Wilhelm and Schleiermacher seem to have raised the possibility that Ludwig Tieck might be engaged to finish the novel’s fragmentary second part. See Friedrich’s response to Wilhelm on this same day, 17 April 1801 (308b), and Tieck’s response to Friedrich on 23 April 1801 (letter 310b). Back.

[5] A tongue-in-cheek orthographical parody of “tran-scenden-tal” (Germ. dran-schande-qual, “thereon-abominable-torment”) “philoso-phical” (Germ. fühllose-viehische, “feelingless-bestial”) lectures.

Friedrich had been lecturing in Jena on transcendental philosophy since October 1800 and seems also to have offered an unpaid course on the “nature of the scholar.” He is here apparently imitating the Thuringian-Saxon pronunciation of the expression “transcendental philosophy” (KFSA 25:594fn8). Back.

[6] Concerning Friedrich’s premature announcement of such a compendium during the winter semester 1800–1801, see Dorothea Veit’s letter to Wilhelm on 27 October 1801 (letter 273a) and, concerning the legal troubles this incident caused, his letter to Schleiermacher on 23 January 1801 (letter 283a), note 4. Back.

[7] KGA V/5 100n21f. points out that in Friedrich’s lectures on transcendental philosophy (which are, however, extant only in student notes), the conceptual pair subject-object does not play a particularly prominent role, or at most only as one dualistic pair among others. The reference to “pabulum,” moreover, is possibly a snipe at Schelling’s System des transscendentalen Idealismus (Tübingen 1800), according to which all knowledge is based on the concurrence of the subjective and objective.

In general, the dichotomy and relationship between subject and object was of pivotal importance to Kant and those who followed in German Idealism. By contrast, Hermann Patsch, KFSA 25:594nn12, 13, points out that Friedrich actually added the adjective “old” afterward, above the line, which might thus militate against his reference being specifically to Schelling. One might also point out that the subject-object dynamic similarly plays a role in Fichte’s system. Back.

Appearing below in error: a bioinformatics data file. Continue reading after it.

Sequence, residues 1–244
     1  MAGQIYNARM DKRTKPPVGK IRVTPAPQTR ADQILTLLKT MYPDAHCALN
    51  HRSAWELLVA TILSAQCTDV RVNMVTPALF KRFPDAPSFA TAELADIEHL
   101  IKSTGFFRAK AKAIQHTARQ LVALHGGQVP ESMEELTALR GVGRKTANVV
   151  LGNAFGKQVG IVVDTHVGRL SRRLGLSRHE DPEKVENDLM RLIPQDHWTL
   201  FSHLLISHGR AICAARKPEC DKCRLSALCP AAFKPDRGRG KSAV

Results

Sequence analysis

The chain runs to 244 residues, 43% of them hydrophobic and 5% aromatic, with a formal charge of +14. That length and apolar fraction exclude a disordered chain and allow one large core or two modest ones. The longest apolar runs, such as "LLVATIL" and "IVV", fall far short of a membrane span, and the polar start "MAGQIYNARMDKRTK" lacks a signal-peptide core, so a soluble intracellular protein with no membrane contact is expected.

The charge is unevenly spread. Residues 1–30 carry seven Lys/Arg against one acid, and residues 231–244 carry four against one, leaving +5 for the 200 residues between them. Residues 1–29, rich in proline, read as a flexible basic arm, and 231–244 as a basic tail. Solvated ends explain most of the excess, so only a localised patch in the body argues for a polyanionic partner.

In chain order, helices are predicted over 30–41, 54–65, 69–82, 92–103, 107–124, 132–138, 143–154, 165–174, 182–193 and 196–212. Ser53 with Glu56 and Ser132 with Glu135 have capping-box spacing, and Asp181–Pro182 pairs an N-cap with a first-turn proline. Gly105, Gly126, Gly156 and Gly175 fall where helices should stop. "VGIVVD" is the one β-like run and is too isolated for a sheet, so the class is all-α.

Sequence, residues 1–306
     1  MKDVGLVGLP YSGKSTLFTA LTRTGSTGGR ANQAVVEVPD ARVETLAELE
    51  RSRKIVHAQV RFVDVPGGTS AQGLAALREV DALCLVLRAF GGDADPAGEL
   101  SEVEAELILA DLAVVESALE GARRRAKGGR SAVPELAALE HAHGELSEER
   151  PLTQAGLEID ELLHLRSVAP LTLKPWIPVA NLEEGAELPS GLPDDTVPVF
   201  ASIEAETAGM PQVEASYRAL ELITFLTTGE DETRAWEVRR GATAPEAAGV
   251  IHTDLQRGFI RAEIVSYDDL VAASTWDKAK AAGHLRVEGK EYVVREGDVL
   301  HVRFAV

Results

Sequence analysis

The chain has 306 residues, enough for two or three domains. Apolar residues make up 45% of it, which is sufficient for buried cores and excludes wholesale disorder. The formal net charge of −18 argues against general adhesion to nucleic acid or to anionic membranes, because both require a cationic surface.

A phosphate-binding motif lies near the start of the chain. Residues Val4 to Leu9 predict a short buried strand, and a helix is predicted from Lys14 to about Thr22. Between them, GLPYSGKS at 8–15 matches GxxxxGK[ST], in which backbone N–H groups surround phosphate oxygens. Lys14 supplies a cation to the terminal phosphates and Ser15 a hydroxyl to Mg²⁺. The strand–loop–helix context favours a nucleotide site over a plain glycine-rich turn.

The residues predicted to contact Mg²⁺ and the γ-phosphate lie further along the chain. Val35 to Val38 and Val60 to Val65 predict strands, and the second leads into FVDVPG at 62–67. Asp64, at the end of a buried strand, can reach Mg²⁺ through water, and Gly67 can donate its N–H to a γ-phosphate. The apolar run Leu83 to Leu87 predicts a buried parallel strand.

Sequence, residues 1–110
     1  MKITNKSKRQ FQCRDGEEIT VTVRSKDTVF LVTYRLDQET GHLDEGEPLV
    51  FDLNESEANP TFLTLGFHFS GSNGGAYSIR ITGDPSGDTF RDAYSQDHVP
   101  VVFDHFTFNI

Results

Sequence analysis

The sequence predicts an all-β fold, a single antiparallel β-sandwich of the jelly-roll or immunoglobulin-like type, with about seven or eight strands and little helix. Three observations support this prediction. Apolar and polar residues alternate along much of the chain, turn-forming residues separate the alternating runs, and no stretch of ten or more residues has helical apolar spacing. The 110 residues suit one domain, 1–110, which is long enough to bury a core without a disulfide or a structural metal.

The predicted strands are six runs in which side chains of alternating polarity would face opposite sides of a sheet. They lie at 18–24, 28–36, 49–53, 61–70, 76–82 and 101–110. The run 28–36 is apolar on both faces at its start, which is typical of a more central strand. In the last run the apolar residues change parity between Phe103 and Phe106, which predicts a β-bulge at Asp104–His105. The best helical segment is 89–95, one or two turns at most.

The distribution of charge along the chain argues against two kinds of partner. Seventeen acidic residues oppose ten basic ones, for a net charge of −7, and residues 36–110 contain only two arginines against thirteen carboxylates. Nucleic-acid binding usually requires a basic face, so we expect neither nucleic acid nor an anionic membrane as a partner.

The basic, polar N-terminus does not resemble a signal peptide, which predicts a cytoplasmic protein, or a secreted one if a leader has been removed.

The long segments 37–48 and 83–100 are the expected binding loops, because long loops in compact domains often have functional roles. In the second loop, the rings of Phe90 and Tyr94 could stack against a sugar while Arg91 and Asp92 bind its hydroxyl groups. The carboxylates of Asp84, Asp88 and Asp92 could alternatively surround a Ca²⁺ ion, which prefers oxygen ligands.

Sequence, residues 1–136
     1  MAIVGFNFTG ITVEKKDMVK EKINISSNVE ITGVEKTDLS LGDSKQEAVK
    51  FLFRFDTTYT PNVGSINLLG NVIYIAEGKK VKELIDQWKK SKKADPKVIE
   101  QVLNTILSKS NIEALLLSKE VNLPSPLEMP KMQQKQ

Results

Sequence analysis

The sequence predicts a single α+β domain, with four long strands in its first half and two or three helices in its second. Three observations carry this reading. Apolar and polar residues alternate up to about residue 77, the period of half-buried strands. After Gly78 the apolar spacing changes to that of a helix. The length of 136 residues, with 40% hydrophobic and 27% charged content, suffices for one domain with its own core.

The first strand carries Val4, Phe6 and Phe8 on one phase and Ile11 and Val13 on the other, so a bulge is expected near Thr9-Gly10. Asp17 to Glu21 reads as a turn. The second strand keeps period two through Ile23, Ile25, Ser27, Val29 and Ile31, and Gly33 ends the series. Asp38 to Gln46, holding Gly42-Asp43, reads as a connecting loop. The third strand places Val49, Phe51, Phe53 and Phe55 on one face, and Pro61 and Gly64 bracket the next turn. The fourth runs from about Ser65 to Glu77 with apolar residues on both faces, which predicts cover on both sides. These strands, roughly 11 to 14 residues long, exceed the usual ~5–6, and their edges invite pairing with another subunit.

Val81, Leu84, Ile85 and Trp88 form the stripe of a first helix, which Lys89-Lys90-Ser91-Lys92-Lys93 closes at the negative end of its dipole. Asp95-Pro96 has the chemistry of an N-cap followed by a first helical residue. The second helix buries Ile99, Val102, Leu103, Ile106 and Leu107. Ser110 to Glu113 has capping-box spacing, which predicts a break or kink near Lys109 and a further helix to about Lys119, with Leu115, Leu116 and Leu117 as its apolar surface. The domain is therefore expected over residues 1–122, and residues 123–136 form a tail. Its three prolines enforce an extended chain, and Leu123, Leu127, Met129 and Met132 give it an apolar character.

[8] Johann Wilhelm Ritter was in financial difficulties at the time, and the death of Friedrich von Hardenberg had depressed him (KGA V/5 102n51f) and made the circle in Jena less attractive to him. At this time, however, he was away on journeys in any case (see Dorothea’s letter to Schleiermacher on the previous day, 16 April 1801 [letter 308a], note 2).

In the winter semester of 1803/04, Ritter lectured in Jena on galvanism without the approval of the university, and in June 1804 entered into a marriage with his housekeeper, Johann Dorothea Münchgesang, that his acquaintances in Jena largely viewed as a misalliance.

This increasing alienation from his Jena surroundings — one more element in the dissolution of the circle — made it considerably easier for him to accept an appointment to the Bavarian Academy of Sciences and Humanities in 1805, which his friend Franz von Baader had initiated on his behalf (see Heinrich Schipperges’s afterword to Johann Wilhelm Ritter, Fragmente aus dem Nachlasse eines jungen Physikers, Faksimiledruck nach der Ausgabe von 1810 [Heidelberg 1969], 5).

As such, he became Schelling’s colleague once more and reappears later in these letters in that context. Back.

[9] Ritter’s manner of thinking and expression were at times decidedly unorthodox. Back.

Translation © 2015 Doug Stott